The Independent Advisory Panel on Deaths in Custody (IAP) has published its working paper on the interim findings and recommendations from just over 100 experts, following an information gathering exercise at the beginning of the year.

BACP responded alongside IAP stakeholders, members of the Ministerial Council on Deaths in Custody and the Advisory Board on Female Offenders.

BACP is delighted that several of its recommendations have been highlighted, including providing mandatory mental health awareness for staff and counselling services to all women prisoners.

Nancy Rowland, Deputy Chief Executive of BACP, said:

“We know that prisoners are five times more likely to have a mental health problem than women in the general population, and we are pleased that the IAP report recommends that each women’s prison should employ a counsellor and establish a national lead for counselling services.”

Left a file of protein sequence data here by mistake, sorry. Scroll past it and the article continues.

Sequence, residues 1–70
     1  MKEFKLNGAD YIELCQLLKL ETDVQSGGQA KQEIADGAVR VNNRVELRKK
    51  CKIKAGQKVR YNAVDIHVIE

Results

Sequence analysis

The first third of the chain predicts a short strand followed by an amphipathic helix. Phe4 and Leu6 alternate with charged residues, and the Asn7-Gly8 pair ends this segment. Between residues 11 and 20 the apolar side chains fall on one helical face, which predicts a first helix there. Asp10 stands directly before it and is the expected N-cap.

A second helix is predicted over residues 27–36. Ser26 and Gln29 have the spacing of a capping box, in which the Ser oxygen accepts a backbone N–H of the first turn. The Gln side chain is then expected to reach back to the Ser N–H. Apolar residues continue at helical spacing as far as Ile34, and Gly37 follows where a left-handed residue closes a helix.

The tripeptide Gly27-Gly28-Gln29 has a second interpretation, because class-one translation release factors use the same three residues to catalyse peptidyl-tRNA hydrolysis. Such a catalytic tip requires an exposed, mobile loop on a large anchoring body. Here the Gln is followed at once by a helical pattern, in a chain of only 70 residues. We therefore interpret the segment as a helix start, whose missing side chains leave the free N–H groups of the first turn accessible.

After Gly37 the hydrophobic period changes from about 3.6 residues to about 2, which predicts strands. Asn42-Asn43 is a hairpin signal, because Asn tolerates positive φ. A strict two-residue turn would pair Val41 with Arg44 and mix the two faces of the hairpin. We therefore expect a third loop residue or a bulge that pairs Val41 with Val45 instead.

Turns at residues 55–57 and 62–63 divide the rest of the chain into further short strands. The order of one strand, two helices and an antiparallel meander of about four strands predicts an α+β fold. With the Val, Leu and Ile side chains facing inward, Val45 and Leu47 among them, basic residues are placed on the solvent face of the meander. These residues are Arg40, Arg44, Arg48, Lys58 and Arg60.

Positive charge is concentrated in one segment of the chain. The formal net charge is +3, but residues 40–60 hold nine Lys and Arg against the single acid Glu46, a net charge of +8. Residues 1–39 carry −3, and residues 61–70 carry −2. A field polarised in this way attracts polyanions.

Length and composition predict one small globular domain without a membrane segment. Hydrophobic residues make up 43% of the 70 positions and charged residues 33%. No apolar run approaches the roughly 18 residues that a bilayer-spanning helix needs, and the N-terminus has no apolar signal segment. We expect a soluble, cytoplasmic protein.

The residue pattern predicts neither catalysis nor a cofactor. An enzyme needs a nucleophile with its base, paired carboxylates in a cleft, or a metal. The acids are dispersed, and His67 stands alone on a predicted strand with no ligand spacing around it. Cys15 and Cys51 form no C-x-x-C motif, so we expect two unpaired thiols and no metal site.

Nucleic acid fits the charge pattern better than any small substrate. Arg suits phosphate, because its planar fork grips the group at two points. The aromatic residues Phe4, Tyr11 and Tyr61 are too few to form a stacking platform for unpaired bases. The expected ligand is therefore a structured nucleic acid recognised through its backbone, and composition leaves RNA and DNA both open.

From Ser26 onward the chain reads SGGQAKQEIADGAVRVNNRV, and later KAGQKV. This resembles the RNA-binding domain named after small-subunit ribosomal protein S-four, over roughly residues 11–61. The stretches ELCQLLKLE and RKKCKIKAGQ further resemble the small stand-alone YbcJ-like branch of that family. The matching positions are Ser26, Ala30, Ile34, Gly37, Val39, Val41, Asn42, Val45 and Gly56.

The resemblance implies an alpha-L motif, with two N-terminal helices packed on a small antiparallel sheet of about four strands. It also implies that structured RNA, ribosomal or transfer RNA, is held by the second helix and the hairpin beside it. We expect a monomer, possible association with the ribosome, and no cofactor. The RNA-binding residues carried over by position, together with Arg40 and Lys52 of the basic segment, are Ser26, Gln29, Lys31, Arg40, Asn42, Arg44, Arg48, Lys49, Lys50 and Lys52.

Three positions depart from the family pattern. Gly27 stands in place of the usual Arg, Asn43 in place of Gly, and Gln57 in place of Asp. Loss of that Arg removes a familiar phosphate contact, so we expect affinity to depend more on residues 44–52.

BACP hopes that the information released today will lead to significant practice change in policing, prisons, health and housing services, leading to real policy change for this vulnerable group.

Other notable recommendations include focusing the whole prison environment on promoting the mental and physical health of all prisoners, providing a greater range of mental health and substance misuse treatments – including the provision of counselling services and talking therapies – in the community, and establishing mental health assessments for all within the first 24 hours of arrival in custody.